Length: 393 pages
Genre: Fantasy, Fiction, LGBTQ+
Publisher: Macmillan Books
Date of Publication: 17th March, 2020
Rating: 5/5 stars
I was in a terrible reading slump when I started noticing people loving The House in the Cerulean Sea, especially Bookster Sisters. Fantasy usually gets me out of slumps so I thought I would give it a go. It so happened that two of my Bookstagram friends, Rugma and Jaanaki also decided to join me on a buddy read for the book.
Edit: It was only after the review that I realised that the author capitalised on forced institutionalization of children belonging to aboriginal cultures. While I was surprised that I hadn’t made the connection myself, I was plain as day after it had been pointed out to me. I did not want to delete the review since I wanted it to strictly talk about the characters that meant a lot to me while I needed them.
“A magical island. A dangerous task. A burning secret.
Linus Baker leads a quiet, solitary life. At forty, he lives in a tiny house with a devious cat and his old records. As a Case Worker at the Department in Charge Of Magical Youth, he spends his days overseeing the well-being of children in government-sanctioned orphanages.
When Linus is unexpectedly summoned by Extremely Upper Management he’s given a curious and highly classified assignment: travel to Marsyas Island Orphanage, where six dangerous children reside: a gnome, a sprite, a wyvern, an unidentifiable green blob, a were-Pomeranian, and the Antichrist. Linus must set aside his fears and determine whether or not they’re likely to bring about the end of days.
But the children aren’t the only secret the island keeps. Their caretaker is the charming and enigmatic Arthur Parnassus, who will do anything to keep his wards safe. As Arthur and Linus grow closer, long-held secrets are exposed, and Linus must make a choice: destroy a home or watch the world burn.
An enchanting story, masterfully told, The House in the Cerulean Sea is about the profound experience of discovering an unlikely family in an unexpected place—and realizing that family is yours.“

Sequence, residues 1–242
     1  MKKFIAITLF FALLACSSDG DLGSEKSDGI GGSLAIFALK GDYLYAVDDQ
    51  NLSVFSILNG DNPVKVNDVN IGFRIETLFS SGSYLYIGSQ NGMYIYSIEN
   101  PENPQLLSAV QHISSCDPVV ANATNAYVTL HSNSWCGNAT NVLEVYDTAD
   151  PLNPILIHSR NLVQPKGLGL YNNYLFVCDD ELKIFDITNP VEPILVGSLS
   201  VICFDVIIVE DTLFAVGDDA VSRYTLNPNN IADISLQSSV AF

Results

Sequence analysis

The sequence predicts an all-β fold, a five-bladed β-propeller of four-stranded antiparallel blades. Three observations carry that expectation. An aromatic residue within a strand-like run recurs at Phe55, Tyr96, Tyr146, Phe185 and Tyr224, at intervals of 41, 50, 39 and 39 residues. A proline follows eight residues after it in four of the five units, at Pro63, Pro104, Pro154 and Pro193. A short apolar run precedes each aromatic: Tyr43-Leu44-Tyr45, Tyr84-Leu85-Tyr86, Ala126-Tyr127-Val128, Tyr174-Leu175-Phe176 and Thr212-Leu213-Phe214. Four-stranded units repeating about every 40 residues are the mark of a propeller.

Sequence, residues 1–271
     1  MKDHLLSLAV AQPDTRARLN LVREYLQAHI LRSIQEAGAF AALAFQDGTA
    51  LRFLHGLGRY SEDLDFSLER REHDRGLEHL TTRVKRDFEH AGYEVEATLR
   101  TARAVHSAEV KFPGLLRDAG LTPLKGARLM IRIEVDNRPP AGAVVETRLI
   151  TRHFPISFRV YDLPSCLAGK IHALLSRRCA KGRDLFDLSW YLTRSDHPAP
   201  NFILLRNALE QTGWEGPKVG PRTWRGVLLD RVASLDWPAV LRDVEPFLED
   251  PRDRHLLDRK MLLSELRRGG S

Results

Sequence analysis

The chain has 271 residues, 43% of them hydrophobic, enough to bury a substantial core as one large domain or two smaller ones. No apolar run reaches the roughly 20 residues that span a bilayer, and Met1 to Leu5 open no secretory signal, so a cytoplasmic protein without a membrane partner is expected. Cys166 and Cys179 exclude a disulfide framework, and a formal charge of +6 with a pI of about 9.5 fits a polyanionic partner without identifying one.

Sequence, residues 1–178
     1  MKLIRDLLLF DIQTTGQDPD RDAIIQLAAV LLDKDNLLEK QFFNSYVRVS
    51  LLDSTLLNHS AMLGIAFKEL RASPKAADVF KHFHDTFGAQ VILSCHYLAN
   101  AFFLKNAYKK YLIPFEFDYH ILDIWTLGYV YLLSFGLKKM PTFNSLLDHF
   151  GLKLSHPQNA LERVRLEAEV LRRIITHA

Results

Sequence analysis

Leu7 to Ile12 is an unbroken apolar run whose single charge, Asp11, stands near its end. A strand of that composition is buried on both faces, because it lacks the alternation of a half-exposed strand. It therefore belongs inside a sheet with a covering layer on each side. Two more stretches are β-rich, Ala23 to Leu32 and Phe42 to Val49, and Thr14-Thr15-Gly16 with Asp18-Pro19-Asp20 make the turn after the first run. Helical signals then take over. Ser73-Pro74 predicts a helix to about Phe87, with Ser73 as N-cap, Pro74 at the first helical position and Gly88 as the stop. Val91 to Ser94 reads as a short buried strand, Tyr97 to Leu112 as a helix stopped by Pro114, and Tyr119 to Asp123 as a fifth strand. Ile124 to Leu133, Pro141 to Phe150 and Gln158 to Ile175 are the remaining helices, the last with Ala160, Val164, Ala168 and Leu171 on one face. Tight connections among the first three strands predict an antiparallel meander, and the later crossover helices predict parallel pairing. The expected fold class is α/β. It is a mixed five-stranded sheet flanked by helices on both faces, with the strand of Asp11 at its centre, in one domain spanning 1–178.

I often find that I have the hardest time writing reviews for books that mean the most to me. I never know how to put into words the myriad of emotions that the book evokes in me. I have drafts of reviews of my favorite books, still unpublished because I’m never quite happy with what’s written. The same holds good for The House in the Cerulean Sea. It filled my heart with so much joy that I thought it would burst! I cannot stop being grateful for Anjali and Gayathri for the recommendation.
The book has a mixture of regular human characters as well as magical characters. Reminiscent of the old tales of ill-managed orphanages that have resourceful children in them, here we have magical children in houses that are meant to care for them. Enter Linus, a case-worker who must remain impassive while making sure that these orphanages give the children what they need. He comes across as a timid man at the beginning of the book and I wasn’t sure that I liked him. But he later grew on me with the way he stood up for the children and his friends at their time of need.
The highlight of the book is the children at the house in the Cerulean Sea. Each of them is unique but lovable. We have the Garden Gnome Talia who would love to ‘brain’ people and bury them in her garden but is actually just fiercely protective of all her friends, Lucy the Anti-Christ who loves to be dramatic and is haunted by his origin and nightmares of dark places in his mind but loves to discuss philosophy and go exploring the island, Sol the large teenager who is so traumatized by his previous interactions with adults that he morphs into the tiniest of dogs at the slightest provocation, Phee the Forest Sprite who is powerful enough to turn adults into trees but instead, loves growing her forest more than anything, Chauncey the blob who has always been told that he is the scary monster under the bed but is actually a sweet little boy with a simple ambition in life and Theodore the Wyvren who’s chirps are as easily understood as human language if only you pay attention. The master of the house, Arthur is the perfect father-figure for this group of seeming misfits but he has his own sad past to overcome.
Each of the characters has both negatives as well as positives but the underlying message in the entire book is that good intentions always outweigh bad birth. Like Lucy says, “you are more than the sum of your parts”. The classic nature-versus-nurture argument is highlighted multiple times. The book shows that every person, human or magical, needs to be treated equally and given the same opportunities. It takes a fierce stand against racism. It also has one of the healthiest representation of LQBTQ+ that I’ve come across lately. It is not needlessly in-your-face but gets the message of inclusivity across.
TJ KLUNE is a Lambda Literary Award-winning author (Into This River I Drown) and an ex-claims examiner for an insurance company. His novels include The House in the Cerulean Sea and The Extraordinaries. Being queer himself, TJ believes it’s important—now more than ever—to have accurate, positive, queer representation in stories.
TL;DR: A wonderful book that talks of the good in a person overriding the bad while growing up with positive role models
What are some of the books that have gotten you out of reading slumps?
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